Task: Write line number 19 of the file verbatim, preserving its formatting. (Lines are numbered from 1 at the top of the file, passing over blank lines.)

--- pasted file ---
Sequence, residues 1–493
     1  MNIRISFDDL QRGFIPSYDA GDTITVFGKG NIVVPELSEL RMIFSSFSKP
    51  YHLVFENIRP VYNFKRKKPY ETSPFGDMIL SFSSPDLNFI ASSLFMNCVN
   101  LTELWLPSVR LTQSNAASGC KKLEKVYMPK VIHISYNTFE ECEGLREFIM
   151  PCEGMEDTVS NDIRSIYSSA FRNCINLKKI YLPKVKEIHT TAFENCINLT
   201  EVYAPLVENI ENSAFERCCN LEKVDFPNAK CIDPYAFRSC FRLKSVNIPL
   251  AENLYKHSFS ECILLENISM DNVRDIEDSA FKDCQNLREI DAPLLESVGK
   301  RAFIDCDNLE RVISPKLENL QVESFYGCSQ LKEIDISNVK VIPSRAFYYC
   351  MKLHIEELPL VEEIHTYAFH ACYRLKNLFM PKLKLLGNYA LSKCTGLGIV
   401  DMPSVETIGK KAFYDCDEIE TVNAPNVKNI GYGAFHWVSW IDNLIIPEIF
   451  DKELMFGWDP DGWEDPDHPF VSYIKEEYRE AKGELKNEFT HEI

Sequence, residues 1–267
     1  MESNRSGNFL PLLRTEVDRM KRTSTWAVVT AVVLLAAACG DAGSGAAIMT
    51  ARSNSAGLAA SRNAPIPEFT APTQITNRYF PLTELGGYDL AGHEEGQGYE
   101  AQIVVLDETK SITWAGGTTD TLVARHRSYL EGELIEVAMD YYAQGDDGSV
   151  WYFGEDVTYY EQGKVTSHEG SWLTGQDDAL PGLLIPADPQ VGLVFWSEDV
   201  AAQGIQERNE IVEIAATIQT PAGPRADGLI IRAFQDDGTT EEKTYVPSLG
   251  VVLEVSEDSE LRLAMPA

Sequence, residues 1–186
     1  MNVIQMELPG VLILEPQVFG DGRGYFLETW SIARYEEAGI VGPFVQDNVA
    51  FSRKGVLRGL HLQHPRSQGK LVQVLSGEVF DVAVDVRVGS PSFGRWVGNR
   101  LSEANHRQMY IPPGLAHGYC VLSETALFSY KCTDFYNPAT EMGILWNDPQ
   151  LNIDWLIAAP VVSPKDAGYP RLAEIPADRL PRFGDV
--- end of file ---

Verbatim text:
Sequence, residues 1–186